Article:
- КНИЖНЫЕ ПОЛКИ
- СЕГОДНЯ НА ПОРТАЛЕ
George Raymond Richard Martin
Set 300 years before the events in A Song of Ice and Fire, FIRE AND BLOOD is the definitive history of the Targaryens in Westeros as told by Archmaester Gyldayn, and chronicles the conquest that united the Seven Kingdoms under Targaryen rule through to the Dance of the Dragons: the Targaryen civil war that nearly ended their dynasty forever.
The thrilling history of the Targaryens comes to life in this masterly work by the author of A Song of Ice and Fire, the inspiration for HBO’s Game of Thrones.
With all the fire and fury fans have come to expect from internationally bestselling author George R.R. Martin, this is the first volume of the definitive two-part history of the Targaryens in Westeros.
Centuries before the events of A Game of Thrones, House Targaryen – the only family of dragonlords to survive the Doom of Valyria – took up residence on Dragonstone. Fire and Blood begins their tale with the legendary Aegon the Conqueror, creator of the Iron Throne, and goes on to recount the generations of Targaryens who fought to hold that iconic seat, all the way up to the civil war that nearly tore their dynasty apart.
What really happened during the Dance of the Dragons? Why was it so deadly to visit Valyria after the Doom? What were Maegor the Cruel’s worst crimes? What was it like in Westeros when dragons ruled the skies? These are but a few of the questions answered in this essential chronicle, as related by a learned maester of the Citadel, and featuring more than eighty all-new black-and-white illustrations by artist Doug Wheatley.
With all the scope and grandeur of Gibbon’s The History of the Decline and Fall of the Roman Empire, Fire and Blood is the ultimate game of thrones, giving readers a whole new appreciation for the dynamic, often bloody, and always fascinating history of Westeros.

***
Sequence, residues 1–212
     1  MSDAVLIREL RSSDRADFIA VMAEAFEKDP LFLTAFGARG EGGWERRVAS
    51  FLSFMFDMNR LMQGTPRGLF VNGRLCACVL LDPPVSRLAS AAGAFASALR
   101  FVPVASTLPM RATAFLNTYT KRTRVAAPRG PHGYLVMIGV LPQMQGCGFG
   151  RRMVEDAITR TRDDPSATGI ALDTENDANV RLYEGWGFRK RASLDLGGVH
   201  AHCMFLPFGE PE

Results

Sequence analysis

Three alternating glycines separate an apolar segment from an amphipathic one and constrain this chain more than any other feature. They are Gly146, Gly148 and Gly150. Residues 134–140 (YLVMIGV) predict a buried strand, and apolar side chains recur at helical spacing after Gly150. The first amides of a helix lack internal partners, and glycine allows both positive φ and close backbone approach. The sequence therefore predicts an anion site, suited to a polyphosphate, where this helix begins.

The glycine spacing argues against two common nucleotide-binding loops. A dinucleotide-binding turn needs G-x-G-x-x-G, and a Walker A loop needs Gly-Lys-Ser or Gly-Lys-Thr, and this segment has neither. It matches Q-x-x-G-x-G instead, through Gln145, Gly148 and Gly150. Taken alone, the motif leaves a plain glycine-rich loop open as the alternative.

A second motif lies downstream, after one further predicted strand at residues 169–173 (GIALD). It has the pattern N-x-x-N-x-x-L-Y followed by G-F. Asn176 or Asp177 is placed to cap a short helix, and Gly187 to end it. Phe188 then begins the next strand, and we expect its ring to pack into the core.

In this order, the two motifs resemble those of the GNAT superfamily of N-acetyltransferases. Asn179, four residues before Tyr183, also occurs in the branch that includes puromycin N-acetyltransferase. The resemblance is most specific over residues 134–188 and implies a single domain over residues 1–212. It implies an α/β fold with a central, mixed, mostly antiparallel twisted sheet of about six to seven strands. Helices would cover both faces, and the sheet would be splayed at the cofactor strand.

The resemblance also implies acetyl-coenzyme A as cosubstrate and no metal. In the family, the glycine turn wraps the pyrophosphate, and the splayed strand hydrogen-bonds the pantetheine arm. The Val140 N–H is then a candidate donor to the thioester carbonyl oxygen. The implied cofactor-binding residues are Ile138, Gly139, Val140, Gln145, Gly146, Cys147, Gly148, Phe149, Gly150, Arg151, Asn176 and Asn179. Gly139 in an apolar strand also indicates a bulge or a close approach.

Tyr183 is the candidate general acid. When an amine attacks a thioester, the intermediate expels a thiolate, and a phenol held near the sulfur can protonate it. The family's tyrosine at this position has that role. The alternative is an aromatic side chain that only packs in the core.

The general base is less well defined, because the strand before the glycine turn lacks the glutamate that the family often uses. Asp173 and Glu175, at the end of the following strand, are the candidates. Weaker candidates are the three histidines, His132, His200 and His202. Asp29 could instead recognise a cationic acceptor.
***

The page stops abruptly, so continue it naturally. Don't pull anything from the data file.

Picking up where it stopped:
George R.R. Martin
Fire & Blood
An imprint of HarperCollinsPublishers Ltd
1 London Bridge Street
London SE1 9GF
First published in Great Britain by HarperCollinsPublishers 2018
Copyright © George R.R. Martin 2018
Illustrations copyright © Penguin Random House LLC 2018
Cover illustration © Larry Rostant
Cover design by Claire Ward © HarperCollinsPublishers Ltd 2018
George R.R. Martin asserts the moral right to be identified as the author of this work.
Portions of this book were previously published, some in an abridged form, as:
‘Conquest’, published in The World of Ice and Fire by George R.R. Martin, Elio M. García, Jr., and Linda Antonssen, copyright © George R.R. Martin 2014;
‘The Sons of the Dragon’, published in The Book of Swords (edited by Gardner Dozois), copyright © George R.R. Martin 2017;
‘The Princess and the Queen’, published in Dangerous Women (edited by George R.R. Martin and Gardner Dozois), copyright © George R.R. Martin and Gardner Dozois 2013;
‘The Rogue Prince’, published in Rogues (edited by George R.R. Martin and Gardner Dozois), copyright © George R.R. Martin and Gardner Dozois 2014.
A catalogue copy of this book is available from the British Library.
This novel is entirely a work of fiction. The names, characters and incidents portrayed in it are the work of the author’s imagination. Any resemblance to actual persons, living or dead, events or localities is entirely coincidental.
All rights reserved under International and Pan-American Copyright Conventions. By payment of the required fees, you have been granted the non-exclusive, non-transferable right to access and read the text of this e-book on screen. No part of this text may be reproduced, transmitted, down-loaded, decompiled, reverse engineered, or stored in or introduced into any information storage and retrieval system, in any form or by any means, whether electronic or mechanical, now known or hereinafter invented, without the express written permission of HarperCollins.